AMES — The Iowa State women’s basketball team’s 75-68 loss to the No. 16 Texas Longhorns at Hilton Coliseum was like a boxing match. When Texas landed a punch – a run in basketball terms – Iowa State seemed to swing and land a punch of its own.
“The game changed at the end of the first half,” said ISU coach Bill Fennelly. “We were down to two then down 11.”
Fennelly told his team at halftime to just fight them off. Iowa State stood toe-to-toe with Texas for the majority of the first 20 minutes and the Longhorns were backing the Cyclones into a corner. That message by Fennelly was heard by his roster and translated to the court in the second half.
When Iowa State’s shooting ability goes cold, things can turn ugly for the cardinal and gold. The second quarter was the ultimate example of that.
The Cyclones shot an measly 15 percent in the second 10 minute period. That cold shooting allowed Texas to build a demanding lead.
That’s when Iowa State found its hot hand and the comeback occurred.
Throughout the last 20 minutes, the Cyclones shot 53.8 percent from the field compared the Longhorns’ 48 percent. Not only did Iowa State’s shooting improve in the second half, but so did its defense. The Cyclones only allowed eight Texas points in the third quarter.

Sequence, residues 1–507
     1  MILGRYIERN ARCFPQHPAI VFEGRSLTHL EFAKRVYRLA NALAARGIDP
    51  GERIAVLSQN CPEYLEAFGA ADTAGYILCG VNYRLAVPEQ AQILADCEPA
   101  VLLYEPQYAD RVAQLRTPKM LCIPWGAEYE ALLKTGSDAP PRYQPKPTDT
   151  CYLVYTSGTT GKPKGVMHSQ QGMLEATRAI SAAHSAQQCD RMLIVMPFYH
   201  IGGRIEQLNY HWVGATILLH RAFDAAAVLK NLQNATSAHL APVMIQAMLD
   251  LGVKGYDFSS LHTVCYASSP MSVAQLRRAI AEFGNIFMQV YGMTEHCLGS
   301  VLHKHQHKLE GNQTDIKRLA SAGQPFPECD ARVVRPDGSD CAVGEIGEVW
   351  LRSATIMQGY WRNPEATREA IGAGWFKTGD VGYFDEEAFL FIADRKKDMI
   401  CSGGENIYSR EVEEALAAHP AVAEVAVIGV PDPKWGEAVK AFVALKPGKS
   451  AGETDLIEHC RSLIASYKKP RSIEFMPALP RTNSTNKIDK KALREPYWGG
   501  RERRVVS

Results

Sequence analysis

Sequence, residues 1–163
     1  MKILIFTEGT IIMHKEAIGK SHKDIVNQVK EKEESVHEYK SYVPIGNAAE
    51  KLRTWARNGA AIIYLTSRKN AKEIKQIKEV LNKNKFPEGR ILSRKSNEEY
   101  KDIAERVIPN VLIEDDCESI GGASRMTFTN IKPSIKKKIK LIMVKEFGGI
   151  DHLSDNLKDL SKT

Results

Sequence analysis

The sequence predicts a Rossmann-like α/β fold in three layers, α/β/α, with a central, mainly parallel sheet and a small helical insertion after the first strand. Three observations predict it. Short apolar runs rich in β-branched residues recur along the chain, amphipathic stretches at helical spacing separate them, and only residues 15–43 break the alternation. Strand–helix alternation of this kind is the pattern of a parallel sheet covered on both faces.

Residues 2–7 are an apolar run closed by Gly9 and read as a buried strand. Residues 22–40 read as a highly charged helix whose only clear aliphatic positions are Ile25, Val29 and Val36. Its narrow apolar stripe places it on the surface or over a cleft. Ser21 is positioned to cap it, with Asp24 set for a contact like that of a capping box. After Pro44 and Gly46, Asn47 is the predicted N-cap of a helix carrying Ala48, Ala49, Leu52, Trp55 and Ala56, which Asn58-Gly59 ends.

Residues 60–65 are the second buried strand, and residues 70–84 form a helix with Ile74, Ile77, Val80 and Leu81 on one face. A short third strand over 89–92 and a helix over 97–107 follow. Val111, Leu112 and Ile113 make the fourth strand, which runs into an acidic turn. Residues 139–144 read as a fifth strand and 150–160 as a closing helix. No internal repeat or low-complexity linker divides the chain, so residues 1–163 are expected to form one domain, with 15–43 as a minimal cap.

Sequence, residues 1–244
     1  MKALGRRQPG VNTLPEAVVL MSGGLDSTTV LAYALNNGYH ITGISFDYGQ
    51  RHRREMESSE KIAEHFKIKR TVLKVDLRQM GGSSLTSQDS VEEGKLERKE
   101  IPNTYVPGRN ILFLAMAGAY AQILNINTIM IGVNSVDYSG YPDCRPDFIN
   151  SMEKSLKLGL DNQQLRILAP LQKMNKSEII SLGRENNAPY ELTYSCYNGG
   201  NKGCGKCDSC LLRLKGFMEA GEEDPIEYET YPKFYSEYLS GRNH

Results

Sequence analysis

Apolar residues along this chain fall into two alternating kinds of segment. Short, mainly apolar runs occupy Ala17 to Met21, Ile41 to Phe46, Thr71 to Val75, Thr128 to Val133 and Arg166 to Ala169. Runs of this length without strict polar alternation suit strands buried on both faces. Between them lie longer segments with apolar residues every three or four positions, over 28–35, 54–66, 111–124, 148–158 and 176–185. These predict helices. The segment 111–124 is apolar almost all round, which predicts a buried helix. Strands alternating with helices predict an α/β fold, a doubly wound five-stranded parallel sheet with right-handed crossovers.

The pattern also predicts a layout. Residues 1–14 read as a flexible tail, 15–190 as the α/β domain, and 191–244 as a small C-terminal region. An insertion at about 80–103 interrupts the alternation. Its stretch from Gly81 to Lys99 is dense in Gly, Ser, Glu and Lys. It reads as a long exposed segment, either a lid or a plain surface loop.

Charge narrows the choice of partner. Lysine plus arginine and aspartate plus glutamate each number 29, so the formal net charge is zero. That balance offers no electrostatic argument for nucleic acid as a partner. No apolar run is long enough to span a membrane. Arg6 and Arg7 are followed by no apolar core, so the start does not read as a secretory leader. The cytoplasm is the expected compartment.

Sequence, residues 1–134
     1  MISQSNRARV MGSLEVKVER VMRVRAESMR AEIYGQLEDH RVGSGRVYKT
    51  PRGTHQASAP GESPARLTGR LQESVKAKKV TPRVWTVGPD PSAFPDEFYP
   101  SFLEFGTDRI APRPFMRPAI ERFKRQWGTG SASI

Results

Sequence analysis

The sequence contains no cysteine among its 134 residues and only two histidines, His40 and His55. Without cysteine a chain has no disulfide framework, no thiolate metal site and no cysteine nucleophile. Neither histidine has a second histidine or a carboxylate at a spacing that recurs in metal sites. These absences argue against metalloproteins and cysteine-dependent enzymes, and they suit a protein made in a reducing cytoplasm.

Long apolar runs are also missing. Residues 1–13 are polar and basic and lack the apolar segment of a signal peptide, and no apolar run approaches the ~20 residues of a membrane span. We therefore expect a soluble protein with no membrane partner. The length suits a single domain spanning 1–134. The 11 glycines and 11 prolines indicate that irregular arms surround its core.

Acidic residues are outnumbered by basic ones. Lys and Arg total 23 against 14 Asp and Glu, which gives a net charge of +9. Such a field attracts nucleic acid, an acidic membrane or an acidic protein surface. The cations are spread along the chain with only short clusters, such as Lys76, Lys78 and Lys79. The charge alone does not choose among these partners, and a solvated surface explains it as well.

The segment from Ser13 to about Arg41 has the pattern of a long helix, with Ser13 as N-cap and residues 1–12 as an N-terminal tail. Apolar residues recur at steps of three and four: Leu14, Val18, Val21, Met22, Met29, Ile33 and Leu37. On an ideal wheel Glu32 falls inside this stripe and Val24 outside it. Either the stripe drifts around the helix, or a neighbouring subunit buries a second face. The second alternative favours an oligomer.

Late in the third as Iowa State was about to tie the game, Heather Bowe hit a shot and seemed to draw a foul. However, it was negated as two referees called to different fouls: a block by Texas and a charge by Bowe.
Fennelly thought that call was a momentum changer. If the call went Iowa State’s way, it would have tied the ball game to end the third quarter. Iowa State instead gave up four straight points to open the fourth.
“Our kids competed,” Fennelly said. “I have no qualms with how hard we played.”
Where is the bench?
During Iowa State’s Big 12 opener against Oklahoma State, the Cyclones got solid contributions from their bench – 14 points to be exact.
The majority of those points came from Bowe (11 to be exact) though, which means the other three bench players who saw action in Stillwater only recorded three.
Against Texas, Iowa State’s bench was nonexistent once again.
“We had 40 bench minutes and three points,” Fennelly said. “That’s a problem. We got to keep working on it and coach better.”
Rebounding improved, but still needs to get better
It’s no secret, the Cyclones lineup is pretty short. Rebounding is its biggest weakness.
The two tallest players who see substantial time for Iowa State, Bridget Carleton and Meredith Burkhall, stand at 6-foot-1 and 6-foot-3 respectively. Despite being undersized compared to Texas (who has five players who are 6-foot-3 or taller), the Cyclones out-rebounded the Longhorns, 36-34.
“We just crashed the boards,” said ISU guard Seanna Johnson. “We all went after it.”
While Fennelly would take his team outrebounding Texas on any given day, he still had his issues concerning Iowa State’s rebounding skills.
“I thought our kids really stuck their nose in,” Fennelly said. “But offensive rebounding is still a nonexistent for us, but defensive rebounding today was good.”
Up next for the Cyclones is a road trip to Texas Tech on Wednesday (6 p.m.).